In the 2015 budget, the government announced a commitment to boosting productivity by investing in people by helping develop vocational skills and increasing the quantity and quality of apprenticeships – the Apprenticeship Levy came into force in 2017, alongside other reforms that put employers at the centre.
Prior to this commitment apprenticeship schemes often failed because the apprentices weren’t always supported by their employers and the employers were not supported by the government. Now, with the levy and significant investment in apprenticeships there are well established and respected programmes, it’s all about partnership and a shared challenge. Part of that shared challenge and partnership is the role of mentors within a business to help apprenticeships succeed.
Is mentoring hand-holding?
Often mentorship can be seen as hand-holding or babysitting but this is an outdated view. Apprentices are not children, they are competent adults who have earned, and continue to earn, their right to be in the workplace. Mentors can get as much value from the time and effort they put into their apprentices as the apprentices themselves. We often have employers amazed at the speed in which apprentices not only ‘settle’ but make a positive difference to their employers.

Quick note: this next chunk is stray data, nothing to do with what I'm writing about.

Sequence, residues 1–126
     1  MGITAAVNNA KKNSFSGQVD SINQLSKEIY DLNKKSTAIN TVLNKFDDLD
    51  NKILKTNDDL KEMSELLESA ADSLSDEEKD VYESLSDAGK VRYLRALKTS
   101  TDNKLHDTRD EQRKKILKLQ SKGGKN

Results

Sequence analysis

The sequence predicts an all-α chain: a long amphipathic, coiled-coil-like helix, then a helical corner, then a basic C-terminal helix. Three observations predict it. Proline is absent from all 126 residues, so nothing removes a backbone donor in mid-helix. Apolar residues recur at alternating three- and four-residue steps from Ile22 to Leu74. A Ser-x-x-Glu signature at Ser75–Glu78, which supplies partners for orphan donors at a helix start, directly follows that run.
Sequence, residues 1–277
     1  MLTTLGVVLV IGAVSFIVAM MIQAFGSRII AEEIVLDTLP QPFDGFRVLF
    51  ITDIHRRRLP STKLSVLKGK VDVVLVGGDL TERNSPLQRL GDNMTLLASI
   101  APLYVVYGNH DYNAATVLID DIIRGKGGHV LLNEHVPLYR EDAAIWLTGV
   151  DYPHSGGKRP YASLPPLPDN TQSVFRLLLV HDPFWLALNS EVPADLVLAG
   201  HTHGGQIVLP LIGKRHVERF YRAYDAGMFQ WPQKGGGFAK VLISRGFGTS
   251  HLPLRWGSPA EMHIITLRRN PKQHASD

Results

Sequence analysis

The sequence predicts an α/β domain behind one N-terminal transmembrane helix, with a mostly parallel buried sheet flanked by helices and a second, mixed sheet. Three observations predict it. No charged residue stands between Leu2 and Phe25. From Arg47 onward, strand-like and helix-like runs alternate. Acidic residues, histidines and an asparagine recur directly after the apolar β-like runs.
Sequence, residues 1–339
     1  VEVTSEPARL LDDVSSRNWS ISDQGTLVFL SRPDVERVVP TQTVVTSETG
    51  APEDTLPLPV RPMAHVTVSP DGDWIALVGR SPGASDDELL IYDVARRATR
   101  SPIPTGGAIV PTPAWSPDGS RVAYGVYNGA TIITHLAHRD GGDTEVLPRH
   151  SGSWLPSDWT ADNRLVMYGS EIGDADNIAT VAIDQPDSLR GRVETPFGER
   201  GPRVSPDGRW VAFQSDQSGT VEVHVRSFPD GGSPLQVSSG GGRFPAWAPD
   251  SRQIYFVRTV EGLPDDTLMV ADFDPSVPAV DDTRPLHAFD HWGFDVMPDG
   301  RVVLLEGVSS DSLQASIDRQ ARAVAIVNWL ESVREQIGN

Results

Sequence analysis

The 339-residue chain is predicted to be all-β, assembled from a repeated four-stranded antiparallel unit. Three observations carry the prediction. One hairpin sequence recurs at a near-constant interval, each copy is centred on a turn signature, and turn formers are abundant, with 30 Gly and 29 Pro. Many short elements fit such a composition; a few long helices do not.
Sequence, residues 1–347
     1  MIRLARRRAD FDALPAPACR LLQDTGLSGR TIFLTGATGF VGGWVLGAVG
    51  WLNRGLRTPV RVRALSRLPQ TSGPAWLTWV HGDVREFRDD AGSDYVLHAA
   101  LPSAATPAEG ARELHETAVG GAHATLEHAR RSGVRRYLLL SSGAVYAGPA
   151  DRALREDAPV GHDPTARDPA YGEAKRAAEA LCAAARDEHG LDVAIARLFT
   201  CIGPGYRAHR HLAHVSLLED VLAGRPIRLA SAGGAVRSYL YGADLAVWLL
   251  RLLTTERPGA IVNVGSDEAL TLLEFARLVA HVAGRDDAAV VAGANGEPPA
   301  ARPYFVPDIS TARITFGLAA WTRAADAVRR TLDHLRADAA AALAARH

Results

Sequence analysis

We talk about apprenticeships as opening the door to sustainability. Apprentices are learning on the job and this enables companies and individuals to pass on their skills, and train them in their way of doing things, their values and purpose from Day 1. It can be easier to develop someone from new than try to change an embedded style or attitude, but also for an existing member of staff starting an apprenticeship can be an opportunity to upskill and reset.
Could you be a mentor?
Mentors are recommended, or quite often volunteer themselves. They don’t always have to be the obvious choice of a line manager. It’s also a role that can be shared, a technical mentor and a confidante or buddy one to cover all levels of support. What is important is that mentors are willing to spend time supporting their apprentices in both their work and personal time and are committed to being part of that person’s development. This role is enriching and rewarding for the mentor as it is for the apprentice. Mentors that have worked with Tiro in the past have seen the value in the interaction and time spent with apprentices and often helps them to progress in their career as well.